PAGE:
Objections can be raised against a termnation notice. Objections must be made in written form and notified within one month of the relevant party having received the notice. If the notice is not withdrawn by the terminating party within one month from the delivery of the objections, the party who raised the objections may ask the court to examine the legitimacy of the notice within the period of another two months. If, however, the tenant vacates the business premises in accordance with the notice, then such notice shall be regarded valid and as having been accepted by him without objections.

In particular cases termination without the notice period is possible; by the landlord in cases of particularly serious breaches of the lease agreement by the tenant, by the tenant if the landlord fails to provide the tenant with sufficient protection against claims of a third party, who asserts the right of ownership or another right in a thing or claims that the premises be surrendered or vacated. Nevertheless, the breach has to be specified in the notice and a possibility to remedy the breach before the notice has to be given.

Signs regulation

The tenant is entitled furnish, to the appropriate extent, the real estate in which the object of the lease is located with various types signage, provided the landlord has given his consent. The landlord may only withhold his consent for serious reasons. If the tenant requests the landlord in writing to be given such consent and the landlord does not respond within 1 month, it shall be taken that consent has been given. On the other hand, a failure to obtain the consent constitutes a gross breach of the lease agreement by the tenant.

Compensation for taking over a customer base

One entirely new legal mechanism is the payment of compensation for taking over a customer base, i.e. a group of customers who were regular clients of the tenant, provided that such base was created by the tenant himself. The tenant is entitled to compensation for the take-over of a customer base in cases where the lease is terminated by notice of the landlord and at the same time the customer base is taken over by the landlord or a new tenant. However, the tenant will not be entitled to compensation for the takeover of a customer base if the landlord gave a notice to the tenant for the reason of the tenant's gross breach of obligations.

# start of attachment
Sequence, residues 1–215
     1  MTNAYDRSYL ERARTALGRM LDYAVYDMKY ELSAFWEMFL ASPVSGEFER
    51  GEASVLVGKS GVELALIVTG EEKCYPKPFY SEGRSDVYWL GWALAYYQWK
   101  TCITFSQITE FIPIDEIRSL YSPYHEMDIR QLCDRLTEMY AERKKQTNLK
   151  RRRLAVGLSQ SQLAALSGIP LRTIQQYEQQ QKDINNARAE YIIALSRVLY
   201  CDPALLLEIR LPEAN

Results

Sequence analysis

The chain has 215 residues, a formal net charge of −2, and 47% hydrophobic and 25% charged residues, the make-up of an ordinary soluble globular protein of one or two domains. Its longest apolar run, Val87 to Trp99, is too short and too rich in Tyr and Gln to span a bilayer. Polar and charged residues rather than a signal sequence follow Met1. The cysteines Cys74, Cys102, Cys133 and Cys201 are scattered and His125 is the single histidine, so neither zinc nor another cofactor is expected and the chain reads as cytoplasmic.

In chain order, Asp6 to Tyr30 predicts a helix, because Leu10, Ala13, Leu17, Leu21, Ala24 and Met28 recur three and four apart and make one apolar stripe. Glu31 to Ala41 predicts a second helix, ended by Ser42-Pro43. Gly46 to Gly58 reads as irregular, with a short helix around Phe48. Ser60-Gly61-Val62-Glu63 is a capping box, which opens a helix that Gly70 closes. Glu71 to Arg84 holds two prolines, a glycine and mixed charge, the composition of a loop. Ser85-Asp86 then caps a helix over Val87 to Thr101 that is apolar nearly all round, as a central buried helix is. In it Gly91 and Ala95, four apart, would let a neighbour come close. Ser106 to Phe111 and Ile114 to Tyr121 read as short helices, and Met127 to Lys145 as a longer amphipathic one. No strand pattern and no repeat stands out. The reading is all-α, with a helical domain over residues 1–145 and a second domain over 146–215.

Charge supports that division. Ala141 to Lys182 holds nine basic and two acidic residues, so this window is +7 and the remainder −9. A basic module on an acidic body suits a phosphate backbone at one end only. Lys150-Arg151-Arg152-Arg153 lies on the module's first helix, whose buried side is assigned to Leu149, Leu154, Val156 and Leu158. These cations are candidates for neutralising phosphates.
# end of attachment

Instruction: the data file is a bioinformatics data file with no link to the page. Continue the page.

6. The most important changes in Czech law for entrepreneurs in 2018

In 2018, a number of changes for entrepreneurs will come about. These will affect, for example, builders, register of beneficial owners of legal entities, and unified electronic identification.

GDPR – General Data Protection Regulation

Similarly as in other EU countries, the so-called General Data Protection Regulation (GDPR) will also come into effect in the Czech Republic as of 25 May 2018. Through it, the EU authorities plan to strengthen and unify the protection of personal data of all individuals within the EU, and to further regulate the transfer of EU citizens’ personal data beyond its borders. For non-EU entities handling data of EU citizens, the GDPR should facilitate compliance with the Member States’ to-date varying national laws. In the first half of 2018, a new act on the protection of personal data will most likely be adopted in the Czech Republic, which will repeal existing Act No. 101/2000 Coll. and specify certain obligations and rights arising from the GDPR.

New data will be explicitly considered to include, inter alia, IP addresses and cookies. Persons will have the right to data transferability (portability) within the scope of which they will be able to obtain a copy of the processed personal data, and transfer it to another service provider. Individuals will also have the so-called right to be forgotten – RTBF, and may demand the removal of certain personal data from search engines. These rights are also in line with the wider obligations of Internet entrepreneurs. Businesses will have to report, among other things, within 72 hours of detection any leakage of personal data to the supervisory authority and, in some cases, to the client. Another obligation of entrepreneurs will be the adequacy, respectively the obligation, to minimise the volume of processed personal data by permanently deleting data that is no longer necessary, and to which, for example, the client’s consent does not apply. The GDPR also fixes the obligatorily established position of the so-called Data Protection Officer (DPO). In some Member States, this position is or has been previously known of, but in the Czech Republic, it is an entirely new position.